This September, California Senate Bill Four was passed, creating direct regulations for the controversial practice of hydraulic fracturing, known as fracking, for oil in the state. The bill allows for tracking, monitoring, regulation and oversight of fracking. Both environmentalists and oil company executives are taking issue with this law.
Environmental activists are claiming the bill is extremely flawed and fails to protect the environment, and say the state government would have been more helpful simply by doing nothing. Meanwhile, the oil industry argues the regulations will prevent the state from profiting from its massive oil reserve in the Monterey Shale rock formation.
Until now drilling companies have not had to disclose that they were fracking at oil wells, even though the practice has generated controversies in communities across the country that report chemicals have contaminated local land, air and drinking water. Now, drillers are required to acquire permits before fracking, disclose chemicals used, test groundwater, notify landowners before drilling and complete additional studies evaluating the risk of fracking.
Hydraulic fracturing is the process of sending large quantities of water, chemicals and sand under high pressure thousands of feet underground through wells to break up shale rock formations containing valuable fossil fuels. The practice is commonly used in the Northeast and mid-Atlantic United States for natural gas extraction.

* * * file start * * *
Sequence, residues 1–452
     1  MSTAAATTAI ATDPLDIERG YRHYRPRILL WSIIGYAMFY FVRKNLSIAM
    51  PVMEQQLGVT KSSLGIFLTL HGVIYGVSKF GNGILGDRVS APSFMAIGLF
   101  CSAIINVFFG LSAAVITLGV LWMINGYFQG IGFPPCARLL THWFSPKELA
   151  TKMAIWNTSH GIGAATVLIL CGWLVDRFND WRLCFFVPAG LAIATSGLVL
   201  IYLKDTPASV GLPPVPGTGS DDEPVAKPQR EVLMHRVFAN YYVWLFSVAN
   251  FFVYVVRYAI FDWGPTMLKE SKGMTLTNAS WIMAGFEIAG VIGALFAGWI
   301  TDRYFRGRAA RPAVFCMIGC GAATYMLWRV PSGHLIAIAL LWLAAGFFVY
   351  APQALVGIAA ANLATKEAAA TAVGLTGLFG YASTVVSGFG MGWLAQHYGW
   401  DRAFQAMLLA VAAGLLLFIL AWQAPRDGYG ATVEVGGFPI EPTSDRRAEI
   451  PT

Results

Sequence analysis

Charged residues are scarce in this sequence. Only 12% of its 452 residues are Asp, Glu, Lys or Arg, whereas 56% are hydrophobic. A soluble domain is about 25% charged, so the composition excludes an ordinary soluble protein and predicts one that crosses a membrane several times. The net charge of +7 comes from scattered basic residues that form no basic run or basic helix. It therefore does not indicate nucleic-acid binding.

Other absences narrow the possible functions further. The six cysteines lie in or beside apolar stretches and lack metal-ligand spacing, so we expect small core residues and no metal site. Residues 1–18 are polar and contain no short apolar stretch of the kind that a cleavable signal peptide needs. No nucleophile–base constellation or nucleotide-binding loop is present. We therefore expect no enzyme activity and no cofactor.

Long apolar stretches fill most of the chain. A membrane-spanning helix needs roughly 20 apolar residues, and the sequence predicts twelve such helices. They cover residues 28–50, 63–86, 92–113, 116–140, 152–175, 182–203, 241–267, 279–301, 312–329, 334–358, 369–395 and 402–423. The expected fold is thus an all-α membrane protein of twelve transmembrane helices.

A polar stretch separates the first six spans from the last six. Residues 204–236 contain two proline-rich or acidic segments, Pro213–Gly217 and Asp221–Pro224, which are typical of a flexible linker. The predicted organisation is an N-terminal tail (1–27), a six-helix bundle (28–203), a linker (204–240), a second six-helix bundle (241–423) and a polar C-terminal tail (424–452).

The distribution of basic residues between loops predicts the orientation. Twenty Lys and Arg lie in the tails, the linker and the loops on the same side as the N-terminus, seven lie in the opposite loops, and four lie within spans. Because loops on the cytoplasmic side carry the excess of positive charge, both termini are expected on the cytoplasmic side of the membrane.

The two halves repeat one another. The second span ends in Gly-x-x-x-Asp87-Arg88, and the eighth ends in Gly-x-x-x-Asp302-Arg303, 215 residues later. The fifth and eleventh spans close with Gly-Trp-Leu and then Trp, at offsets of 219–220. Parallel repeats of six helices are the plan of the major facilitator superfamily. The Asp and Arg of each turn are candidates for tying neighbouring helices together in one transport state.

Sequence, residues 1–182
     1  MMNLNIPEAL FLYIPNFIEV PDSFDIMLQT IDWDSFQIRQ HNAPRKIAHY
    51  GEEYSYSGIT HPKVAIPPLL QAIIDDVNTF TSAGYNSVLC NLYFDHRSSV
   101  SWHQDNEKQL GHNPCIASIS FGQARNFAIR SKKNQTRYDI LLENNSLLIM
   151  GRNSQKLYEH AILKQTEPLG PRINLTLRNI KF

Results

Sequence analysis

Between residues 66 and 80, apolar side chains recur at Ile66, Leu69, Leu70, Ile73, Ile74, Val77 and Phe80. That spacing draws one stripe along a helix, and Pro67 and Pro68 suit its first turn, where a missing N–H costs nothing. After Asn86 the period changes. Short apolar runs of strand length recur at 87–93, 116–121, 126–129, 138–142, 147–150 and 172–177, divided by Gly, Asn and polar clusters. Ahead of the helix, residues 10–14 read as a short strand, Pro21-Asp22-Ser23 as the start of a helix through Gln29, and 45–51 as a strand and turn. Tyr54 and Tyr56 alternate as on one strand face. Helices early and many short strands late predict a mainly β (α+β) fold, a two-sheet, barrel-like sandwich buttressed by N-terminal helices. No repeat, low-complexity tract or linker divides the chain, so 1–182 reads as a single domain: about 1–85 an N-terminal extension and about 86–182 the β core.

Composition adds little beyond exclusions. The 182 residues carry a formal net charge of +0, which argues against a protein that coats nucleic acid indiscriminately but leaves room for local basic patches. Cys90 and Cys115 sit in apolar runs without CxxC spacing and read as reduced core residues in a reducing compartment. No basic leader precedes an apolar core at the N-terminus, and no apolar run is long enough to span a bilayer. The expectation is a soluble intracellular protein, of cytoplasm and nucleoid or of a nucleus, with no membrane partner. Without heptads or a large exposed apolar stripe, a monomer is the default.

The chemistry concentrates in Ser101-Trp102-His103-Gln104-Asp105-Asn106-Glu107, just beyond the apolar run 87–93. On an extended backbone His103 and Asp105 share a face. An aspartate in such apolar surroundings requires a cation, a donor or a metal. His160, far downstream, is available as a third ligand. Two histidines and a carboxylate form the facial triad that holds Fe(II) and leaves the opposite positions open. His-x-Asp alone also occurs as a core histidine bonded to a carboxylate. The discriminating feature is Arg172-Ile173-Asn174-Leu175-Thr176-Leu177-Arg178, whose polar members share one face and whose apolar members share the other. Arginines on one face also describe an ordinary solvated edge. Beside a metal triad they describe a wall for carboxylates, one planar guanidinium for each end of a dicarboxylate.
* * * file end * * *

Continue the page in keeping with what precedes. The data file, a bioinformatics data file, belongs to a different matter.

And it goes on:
The discussion of fracking stems from the recent finding that California’s Monterey Shale formation is estimated to hold 15.4 billion barrels of oil, as much as two-thirds of the onshore oil in the continental United States. The shale has proven to be extremely difficult to tap into, and even methods of fracking have not been particularly effective in accessing the oil.
The oil industry opposed these regulations and argues the law will decrease California’s ability to benefit from developing the Monterey Shale, a process that could create thousands of new jobs and increase tax revenues. Additionally, oil industry representatives argue tapping into the shale could decrease American oil imports, reducing the national trade deficit.
SB4 was one of 10 fracking-related bills proposed this year, but eight other bills were dropped after strong lobbying by the oil industry. SB4 originally received fairly strong support from environmentalists, but last minute changes removed key language that would have delayed all fracking until environmental reviews were completed. Thus, the bill quickly shifted from a rallying point to a bill many green groups are fighting. However people feel about SB4, this definitely will not be the last time fracking legislation is passed in California. More likely than not, this is just the beginning.